AHS Students Carve Out New Skills in Woodshop Class

For many of us, hearing the word “woodshop” reminds us of Bob Vila or a Saturday afternoon episode of This Old House. Unless we grew up with band saws and lathes, the idea of operating power tools is outside of our comfort zones, and the thought of passing a slab of Walnut across a table saw is downright disconcerting.

But for the students in Allendale’s woodshop class, these tools are merely the means to an end — and a beautiful one at that.

Allendale Public Schools, Falcons, Woodshop Class

Mark Vizithum, known by his students simply as “Mr. V,” has been teaching at AHS for six years. Mr. Vizithum loves teaching word working not only for the practical applications is has now but for the possibilities it opens up in the future.

“The whole goal of this class is to help kids make money or save money by being able to make their own furniture. If our students want to get into wood working as a profession, they can. And if they want to get into another hands-on trade, this provides a good foundation for many of those skills, too.”

Mr. Vizithum, Allendale Public Schools, Woodworking

Mr. Vizithum, Allendale Public Schools, Woodworking

Students work on a variety of projects in class ranging from cabinets, bed frames, gun cabinets, bookshelves, desks and even a futon! Mr. Vizithum reasons that “They’re all going to become homeowners some day and they’ll have to fix things. This class will help them save money down the road.”

The woodshop classes offered at Allendale High School are two trimesters long and are available at beginning and advanced levels. With 20-25 students in each class on average, only about 5-10% are girls. Ironically, however, Mr. Vizithum said that girls generally do excellent work because they pay attention to small details. “Boys are typically all about quantity and the girls are more about quality.”

Woodshop students also learn the value of a dollar by paying for all the materials they use. This is a great tradeoff, however, as students are able to keep what they make and do whatever they wish with their creations once they finish. Some students even consider selling their work as a way to earn extra income and recoup their expenses.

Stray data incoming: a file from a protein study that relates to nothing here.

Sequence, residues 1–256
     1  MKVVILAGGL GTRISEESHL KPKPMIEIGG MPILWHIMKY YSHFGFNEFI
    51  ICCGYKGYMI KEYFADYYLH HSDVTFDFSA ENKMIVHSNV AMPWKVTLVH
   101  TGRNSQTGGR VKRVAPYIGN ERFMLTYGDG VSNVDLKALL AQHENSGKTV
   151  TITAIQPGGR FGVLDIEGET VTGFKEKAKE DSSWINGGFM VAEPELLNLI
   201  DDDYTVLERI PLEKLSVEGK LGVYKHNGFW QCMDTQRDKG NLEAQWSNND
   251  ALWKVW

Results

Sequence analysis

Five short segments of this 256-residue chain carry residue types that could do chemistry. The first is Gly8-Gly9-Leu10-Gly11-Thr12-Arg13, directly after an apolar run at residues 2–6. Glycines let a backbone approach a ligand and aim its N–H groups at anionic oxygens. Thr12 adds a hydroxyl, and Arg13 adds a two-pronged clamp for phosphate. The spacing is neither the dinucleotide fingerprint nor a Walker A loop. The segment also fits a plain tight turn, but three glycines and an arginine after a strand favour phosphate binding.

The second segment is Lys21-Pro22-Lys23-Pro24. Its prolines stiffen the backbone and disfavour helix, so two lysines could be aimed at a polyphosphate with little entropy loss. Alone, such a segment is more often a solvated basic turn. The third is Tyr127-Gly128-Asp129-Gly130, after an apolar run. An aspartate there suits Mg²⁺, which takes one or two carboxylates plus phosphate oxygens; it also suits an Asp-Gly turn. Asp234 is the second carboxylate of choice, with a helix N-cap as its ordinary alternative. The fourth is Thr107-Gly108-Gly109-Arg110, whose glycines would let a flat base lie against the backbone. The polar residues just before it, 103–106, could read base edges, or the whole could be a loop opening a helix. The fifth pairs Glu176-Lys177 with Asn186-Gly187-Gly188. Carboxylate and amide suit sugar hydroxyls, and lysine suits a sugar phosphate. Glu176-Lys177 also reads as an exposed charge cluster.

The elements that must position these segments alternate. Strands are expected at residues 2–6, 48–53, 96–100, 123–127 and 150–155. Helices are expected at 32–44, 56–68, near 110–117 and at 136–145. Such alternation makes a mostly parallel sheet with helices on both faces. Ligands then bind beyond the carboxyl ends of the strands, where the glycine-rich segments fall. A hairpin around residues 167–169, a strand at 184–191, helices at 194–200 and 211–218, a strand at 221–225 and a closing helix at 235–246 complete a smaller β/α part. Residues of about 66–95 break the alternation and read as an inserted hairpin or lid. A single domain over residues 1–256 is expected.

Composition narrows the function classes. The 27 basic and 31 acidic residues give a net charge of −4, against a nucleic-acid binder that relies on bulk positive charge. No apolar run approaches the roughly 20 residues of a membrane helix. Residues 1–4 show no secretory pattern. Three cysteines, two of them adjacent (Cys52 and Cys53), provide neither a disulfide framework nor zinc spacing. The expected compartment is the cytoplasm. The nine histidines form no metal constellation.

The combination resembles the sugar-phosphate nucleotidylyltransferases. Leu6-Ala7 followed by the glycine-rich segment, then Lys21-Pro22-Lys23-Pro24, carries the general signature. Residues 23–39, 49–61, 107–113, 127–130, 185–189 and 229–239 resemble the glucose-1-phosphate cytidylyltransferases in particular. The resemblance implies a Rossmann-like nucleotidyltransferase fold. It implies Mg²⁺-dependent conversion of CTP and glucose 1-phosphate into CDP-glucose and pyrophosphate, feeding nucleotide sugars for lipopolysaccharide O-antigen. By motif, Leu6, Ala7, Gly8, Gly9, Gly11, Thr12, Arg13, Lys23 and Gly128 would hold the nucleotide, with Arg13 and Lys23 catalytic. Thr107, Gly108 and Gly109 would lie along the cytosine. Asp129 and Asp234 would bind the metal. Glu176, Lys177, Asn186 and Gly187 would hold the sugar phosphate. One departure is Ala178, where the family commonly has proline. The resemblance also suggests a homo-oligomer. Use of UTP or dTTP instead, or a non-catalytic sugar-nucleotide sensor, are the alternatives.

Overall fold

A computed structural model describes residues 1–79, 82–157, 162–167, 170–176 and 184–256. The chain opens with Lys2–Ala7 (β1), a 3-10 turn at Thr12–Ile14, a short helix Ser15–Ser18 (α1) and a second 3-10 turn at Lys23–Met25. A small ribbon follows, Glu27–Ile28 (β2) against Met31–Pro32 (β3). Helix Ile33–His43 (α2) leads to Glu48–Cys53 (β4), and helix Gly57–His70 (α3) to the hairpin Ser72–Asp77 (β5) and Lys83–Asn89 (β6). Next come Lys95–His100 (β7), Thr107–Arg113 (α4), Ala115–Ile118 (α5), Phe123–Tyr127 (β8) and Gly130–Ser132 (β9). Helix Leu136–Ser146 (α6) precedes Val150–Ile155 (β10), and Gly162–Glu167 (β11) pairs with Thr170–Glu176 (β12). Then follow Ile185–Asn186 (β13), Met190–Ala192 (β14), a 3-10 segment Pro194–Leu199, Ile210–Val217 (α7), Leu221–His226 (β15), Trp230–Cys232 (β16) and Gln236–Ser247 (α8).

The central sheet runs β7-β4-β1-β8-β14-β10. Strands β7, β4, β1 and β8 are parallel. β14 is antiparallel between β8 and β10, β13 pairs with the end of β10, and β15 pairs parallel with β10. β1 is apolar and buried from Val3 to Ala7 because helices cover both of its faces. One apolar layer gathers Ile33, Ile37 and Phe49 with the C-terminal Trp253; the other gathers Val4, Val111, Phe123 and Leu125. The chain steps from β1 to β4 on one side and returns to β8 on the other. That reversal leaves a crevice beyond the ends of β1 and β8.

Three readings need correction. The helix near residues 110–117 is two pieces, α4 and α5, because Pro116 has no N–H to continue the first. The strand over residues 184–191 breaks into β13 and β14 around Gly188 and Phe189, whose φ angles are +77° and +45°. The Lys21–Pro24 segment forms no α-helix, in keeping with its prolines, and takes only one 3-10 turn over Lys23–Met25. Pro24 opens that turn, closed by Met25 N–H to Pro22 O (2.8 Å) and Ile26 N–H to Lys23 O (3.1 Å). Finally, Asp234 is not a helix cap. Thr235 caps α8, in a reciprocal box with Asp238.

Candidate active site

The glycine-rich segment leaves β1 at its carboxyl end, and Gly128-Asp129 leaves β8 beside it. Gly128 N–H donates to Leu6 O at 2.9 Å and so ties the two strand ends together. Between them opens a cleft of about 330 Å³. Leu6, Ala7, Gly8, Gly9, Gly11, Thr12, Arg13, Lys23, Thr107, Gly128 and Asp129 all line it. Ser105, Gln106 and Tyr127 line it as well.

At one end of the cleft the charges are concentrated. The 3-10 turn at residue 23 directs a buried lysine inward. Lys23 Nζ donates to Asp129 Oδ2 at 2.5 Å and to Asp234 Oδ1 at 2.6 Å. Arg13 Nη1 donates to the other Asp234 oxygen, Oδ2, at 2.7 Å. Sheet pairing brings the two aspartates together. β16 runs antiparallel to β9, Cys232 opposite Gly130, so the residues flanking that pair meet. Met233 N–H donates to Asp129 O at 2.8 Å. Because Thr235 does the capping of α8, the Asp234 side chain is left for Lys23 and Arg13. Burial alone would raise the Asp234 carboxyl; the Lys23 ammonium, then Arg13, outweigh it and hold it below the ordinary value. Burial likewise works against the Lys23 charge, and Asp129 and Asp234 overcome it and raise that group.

Mr. Vizithum, Allendale Public Schools, Woodworking

Sebastian Domin is an Allendale senior who was staining a TV cabinet during our visit. Sebastian chose to take woodshop because he enjoys building things and has already learned a lot, including the proper way to measure, use CAD and how to make plans on the computer. He plans to go into heating and cooling after graduation, saying “all the skills I’m learning here will help me in the future.”

Sophomore Colten Niergarth chose woodshop for a different reason: he wanted a hands-on class and this was a great fit. He proudly shared that he has learned the basics of woodworking, like cutting on the band saw and tackling the technical aspects of a project. But more importantly, Colten said that Mr. V has taught him “to work hard and be committed to getting projects done.”

This idea of hard work and tenacity is a tenet of this class and something Mr. V clearly champions. The idea that it is admirable to stick to your word and finish what you start is taught regardless of whether a student is building a bed frame or kitchen table.

“These kids are learning work ethic. Everybody’s staying busy — I don’t have to tell them to get on task because they’re learning how to work. That’s a valuable asset to have.”

Mr. Vizithum, Allendale Public Schools, Woodworking

Mr. Vizithum, Allendale Public Schools, Woodworking

Mr. Vizithum, Allendale Public Schools, Woodworking

saw

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